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Iran: They’re Just Killing Themselves

November 23rd, 2009 - 10:44 pm

Rumors circulated almost immediately that he had taken his own life, but recent reports suggest he was killed.

The older man was Ali Kordan, 51, long one of the most powerful members of the regime and a close associate of both Khamenei and President Ahmadinejad.  Like so many at the top of the Iranian pyramid, he was a Revolutionary Guards veteran who held a variety of positions until his ten minutes of fame in 2008, when he was nominated to be Interior Minister.  Initial opposition was defeated when Khamenei sent a letter to Parliament insisting that Kordan be confirmed, but he was forced to resign in August after it emerged that he had forged an honorary degree from Oxford University.

The AP reported that “Kordan died of heart failure Sunday after weeks of treatment for pulmonary and pancreatic problems, according to reports in Iranian newspapers and news agencies,” while Wikipedia tells us that “Kordan died of multiple myeloma at Tehran’s Masihe Daneshvari hospital on November 22, 2009. He also had influenza and brain hemorrhage.”

In reality he was murdered.  Not only did he know too much, but he had assembled a devastating dossier against the regime, and was attempting to defect.  It is not known what happened to all the documents he was planning to take with him.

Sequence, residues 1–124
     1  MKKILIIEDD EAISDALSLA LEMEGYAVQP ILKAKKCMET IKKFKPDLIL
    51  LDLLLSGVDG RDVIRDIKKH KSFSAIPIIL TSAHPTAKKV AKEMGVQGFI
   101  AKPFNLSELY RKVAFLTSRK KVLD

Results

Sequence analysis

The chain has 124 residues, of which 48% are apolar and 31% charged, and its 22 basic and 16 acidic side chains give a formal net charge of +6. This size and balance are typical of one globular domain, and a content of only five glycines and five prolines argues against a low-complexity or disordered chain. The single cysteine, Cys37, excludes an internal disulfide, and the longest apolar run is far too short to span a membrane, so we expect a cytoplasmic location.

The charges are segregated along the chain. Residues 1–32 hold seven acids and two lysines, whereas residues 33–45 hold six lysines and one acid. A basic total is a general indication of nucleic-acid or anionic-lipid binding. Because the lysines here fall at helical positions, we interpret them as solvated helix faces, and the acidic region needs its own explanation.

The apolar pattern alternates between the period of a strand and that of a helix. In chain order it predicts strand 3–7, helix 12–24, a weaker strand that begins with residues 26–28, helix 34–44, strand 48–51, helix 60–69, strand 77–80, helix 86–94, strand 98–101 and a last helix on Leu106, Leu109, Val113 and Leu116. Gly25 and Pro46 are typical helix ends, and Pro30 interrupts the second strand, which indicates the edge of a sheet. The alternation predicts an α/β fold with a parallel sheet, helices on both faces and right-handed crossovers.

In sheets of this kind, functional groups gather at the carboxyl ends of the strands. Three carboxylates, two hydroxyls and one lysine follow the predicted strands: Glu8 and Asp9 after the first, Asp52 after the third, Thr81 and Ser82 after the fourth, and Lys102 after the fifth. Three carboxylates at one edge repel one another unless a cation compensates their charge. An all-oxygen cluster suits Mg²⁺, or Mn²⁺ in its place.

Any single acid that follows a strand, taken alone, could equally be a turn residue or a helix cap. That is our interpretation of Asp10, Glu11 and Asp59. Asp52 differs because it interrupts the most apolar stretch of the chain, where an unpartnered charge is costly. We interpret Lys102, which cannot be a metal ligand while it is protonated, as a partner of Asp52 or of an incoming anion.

These two murders speak volumes about the panic that has seized the regime of late.  The next big opposition demonstration is scheduled for December 7th, and already the attempts at intimidation are visible.  This Friday, 7 million Basijis are supposed to march to celebrate Basij Week, and cell phones all over the country have received a text message reading: “You have been identified as a participant in post-election gatherings and must refrain from such participation from now on.”  The intimidation campaign has not been conducted with great efficiency; Ahmadinejad got the same message, as did a baker in Khuzestan, deep in the south.

Meanwhile, desperately searching for some sort of legitimacy, Ahmadinejad has flown off to Africa and South America.  But it will take more than flowery speeches from foreign leaders–or regime funding of friendly scholars at American universities–to salvage his status.  Alireza Zakani, a leading parliamentary supporter of the regime, delivered a speech that effectively confirms the accusations of election fraud that Green leader Mir Hossein Mousavi has been repeating since June.  According to Zakani–whose speech made a brief appearance on an official web site and then disappeared–the fraud was confirmed by Parliamentary president Ali Larijani and former President Hashemi Rafsanjani in the days immediately following June 12th in the presence of Khamenei himself.  This is an extremely explosive development, of which we are certain to hear more in the days ahead.

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